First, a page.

Adriana Linares: Let me explain that too because obviously I have — you didn’t find me on the internet like a lot of my private clients do and say, hey, I need Microsoft Word sessions. You and I met because I work part-time for the San Diego County Bar Association where I am the Technology and Practice Management Advisor and what happens with that arrangement is the Bar pays me and then the members of the Bar are able to make appointments with me to talk about and get help with whatever they need as far as practice management and technology goes.
So of course I get calls on, how do I go to the cloud? Do I need Office 365? How do I show Reveal Codes in Microsoft Word? And you and I started working together, we are in 2021, we know we haven’t seen each other in person in at least a year, and before that I would say it was probably two years ago do you think Marie that we had our first appointment?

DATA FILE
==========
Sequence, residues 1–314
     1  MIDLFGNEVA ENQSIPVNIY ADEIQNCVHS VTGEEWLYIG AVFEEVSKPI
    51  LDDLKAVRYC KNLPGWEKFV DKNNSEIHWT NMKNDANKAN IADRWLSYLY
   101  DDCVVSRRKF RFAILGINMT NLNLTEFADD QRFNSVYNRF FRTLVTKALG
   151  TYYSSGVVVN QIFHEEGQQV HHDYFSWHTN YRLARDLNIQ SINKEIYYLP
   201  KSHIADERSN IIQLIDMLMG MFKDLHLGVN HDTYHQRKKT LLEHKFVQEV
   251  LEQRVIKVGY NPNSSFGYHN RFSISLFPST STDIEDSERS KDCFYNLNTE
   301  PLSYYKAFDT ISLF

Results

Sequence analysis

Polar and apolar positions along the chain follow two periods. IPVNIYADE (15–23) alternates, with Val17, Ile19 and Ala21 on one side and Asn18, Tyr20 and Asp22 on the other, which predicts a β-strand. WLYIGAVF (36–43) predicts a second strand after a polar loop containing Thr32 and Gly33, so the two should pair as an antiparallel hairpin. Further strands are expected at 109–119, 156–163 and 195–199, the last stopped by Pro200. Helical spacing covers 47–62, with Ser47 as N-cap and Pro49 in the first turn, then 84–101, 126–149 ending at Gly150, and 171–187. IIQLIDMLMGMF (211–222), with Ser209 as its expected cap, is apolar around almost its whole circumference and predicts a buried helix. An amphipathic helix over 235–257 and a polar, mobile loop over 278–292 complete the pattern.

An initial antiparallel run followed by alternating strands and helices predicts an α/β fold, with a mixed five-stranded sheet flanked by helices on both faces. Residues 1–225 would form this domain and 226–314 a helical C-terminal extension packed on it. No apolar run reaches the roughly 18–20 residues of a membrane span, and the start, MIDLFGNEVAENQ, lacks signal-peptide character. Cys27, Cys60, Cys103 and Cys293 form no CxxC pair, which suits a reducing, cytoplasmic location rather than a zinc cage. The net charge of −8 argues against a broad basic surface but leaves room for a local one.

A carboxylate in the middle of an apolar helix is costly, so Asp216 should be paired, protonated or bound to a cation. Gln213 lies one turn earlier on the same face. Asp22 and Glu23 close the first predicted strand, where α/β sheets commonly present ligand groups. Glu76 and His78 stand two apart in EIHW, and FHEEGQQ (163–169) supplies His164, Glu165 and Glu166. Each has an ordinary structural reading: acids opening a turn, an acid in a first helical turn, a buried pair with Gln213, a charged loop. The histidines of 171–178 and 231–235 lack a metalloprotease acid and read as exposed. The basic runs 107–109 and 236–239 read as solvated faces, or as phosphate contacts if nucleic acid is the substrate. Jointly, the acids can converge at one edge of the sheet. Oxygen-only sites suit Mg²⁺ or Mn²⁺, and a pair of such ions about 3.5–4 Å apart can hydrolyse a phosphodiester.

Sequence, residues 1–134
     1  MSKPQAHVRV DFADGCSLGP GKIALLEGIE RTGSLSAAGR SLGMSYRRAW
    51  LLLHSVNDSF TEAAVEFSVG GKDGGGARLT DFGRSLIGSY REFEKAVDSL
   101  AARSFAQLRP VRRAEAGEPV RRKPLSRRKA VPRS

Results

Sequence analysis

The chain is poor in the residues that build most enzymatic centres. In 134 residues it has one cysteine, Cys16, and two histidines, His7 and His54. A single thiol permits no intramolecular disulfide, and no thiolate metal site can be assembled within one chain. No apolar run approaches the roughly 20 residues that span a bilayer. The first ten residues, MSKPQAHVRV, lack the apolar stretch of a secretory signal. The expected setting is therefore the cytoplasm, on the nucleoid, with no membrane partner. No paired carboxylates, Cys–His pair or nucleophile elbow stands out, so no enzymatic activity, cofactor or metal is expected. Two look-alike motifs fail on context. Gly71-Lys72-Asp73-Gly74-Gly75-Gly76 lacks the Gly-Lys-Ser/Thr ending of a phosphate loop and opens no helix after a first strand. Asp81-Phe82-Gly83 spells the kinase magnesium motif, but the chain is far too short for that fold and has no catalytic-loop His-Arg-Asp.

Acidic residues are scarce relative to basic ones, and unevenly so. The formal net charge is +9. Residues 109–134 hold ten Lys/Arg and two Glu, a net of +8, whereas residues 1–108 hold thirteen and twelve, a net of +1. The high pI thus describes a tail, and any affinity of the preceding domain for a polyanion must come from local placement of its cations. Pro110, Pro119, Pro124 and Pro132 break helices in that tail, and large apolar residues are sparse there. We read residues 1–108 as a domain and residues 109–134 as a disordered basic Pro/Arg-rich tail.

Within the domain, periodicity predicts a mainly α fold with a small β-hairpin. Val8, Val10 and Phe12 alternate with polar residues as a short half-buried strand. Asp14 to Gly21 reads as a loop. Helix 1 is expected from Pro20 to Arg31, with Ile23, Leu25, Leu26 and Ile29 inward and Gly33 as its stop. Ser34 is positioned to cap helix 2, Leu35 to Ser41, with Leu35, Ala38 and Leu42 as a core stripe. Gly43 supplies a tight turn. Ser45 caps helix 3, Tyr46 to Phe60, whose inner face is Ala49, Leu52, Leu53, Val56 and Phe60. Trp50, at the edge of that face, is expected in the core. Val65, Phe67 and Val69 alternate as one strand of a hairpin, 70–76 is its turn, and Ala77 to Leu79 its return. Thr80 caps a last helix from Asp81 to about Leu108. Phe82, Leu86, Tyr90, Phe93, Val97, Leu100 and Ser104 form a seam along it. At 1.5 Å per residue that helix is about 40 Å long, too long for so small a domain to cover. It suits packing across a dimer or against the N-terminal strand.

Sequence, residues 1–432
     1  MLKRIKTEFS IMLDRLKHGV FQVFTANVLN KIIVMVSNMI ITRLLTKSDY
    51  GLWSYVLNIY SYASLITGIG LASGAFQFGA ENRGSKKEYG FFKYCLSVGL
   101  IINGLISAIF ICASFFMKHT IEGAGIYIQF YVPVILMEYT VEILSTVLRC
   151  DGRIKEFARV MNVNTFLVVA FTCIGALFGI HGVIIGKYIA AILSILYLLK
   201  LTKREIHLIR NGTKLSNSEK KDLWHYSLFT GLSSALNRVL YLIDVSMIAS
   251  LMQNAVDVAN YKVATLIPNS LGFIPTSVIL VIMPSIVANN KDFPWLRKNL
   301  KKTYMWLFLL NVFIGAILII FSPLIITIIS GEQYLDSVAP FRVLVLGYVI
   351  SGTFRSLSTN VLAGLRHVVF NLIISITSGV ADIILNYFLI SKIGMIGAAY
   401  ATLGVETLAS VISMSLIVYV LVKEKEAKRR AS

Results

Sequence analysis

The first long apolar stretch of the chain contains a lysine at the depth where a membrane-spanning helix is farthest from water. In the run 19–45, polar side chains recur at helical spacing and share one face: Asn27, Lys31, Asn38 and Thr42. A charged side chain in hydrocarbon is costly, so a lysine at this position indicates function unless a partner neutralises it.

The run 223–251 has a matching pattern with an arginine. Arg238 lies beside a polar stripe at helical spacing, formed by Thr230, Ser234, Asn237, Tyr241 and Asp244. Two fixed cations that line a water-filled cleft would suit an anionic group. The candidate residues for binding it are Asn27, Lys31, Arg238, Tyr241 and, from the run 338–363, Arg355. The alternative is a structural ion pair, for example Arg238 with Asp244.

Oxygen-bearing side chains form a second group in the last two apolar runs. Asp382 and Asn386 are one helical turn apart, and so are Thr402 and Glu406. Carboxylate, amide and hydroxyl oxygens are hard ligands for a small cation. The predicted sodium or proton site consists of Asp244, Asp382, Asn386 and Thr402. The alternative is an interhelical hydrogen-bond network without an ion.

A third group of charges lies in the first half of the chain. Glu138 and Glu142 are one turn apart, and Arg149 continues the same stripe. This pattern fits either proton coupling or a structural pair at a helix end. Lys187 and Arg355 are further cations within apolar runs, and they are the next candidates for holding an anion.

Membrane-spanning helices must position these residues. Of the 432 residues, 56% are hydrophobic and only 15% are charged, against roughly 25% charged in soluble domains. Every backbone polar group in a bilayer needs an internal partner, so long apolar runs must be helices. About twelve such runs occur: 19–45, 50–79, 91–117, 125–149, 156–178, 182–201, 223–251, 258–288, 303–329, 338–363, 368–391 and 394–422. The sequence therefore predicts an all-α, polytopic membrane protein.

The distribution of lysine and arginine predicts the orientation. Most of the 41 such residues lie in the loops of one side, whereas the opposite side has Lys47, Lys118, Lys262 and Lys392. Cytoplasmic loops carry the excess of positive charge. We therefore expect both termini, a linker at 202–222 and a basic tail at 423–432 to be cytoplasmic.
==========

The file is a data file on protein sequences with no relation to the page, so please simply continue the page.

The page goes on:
Marie Stockton: Yeah, I am guessing it’s been that long.
Adriana Linares: So what I want to point out is this isn’t something that you accomplished overnight. You started with me and we do 45-minute sessions at a time. So we did baby sessions. And I think you may have come when we were meeting in person to a couple of the group sessions that I did, or at least one. So we do a webinar during lunch or an in person and also webinar during lunch and you came and sort of learned the basics. And I do a very specific session called Life after Reveal Codes and I imagine that’s the one that you came to, where I try to help attorneys who are former WordPerfect users and there are more of you than you think out there.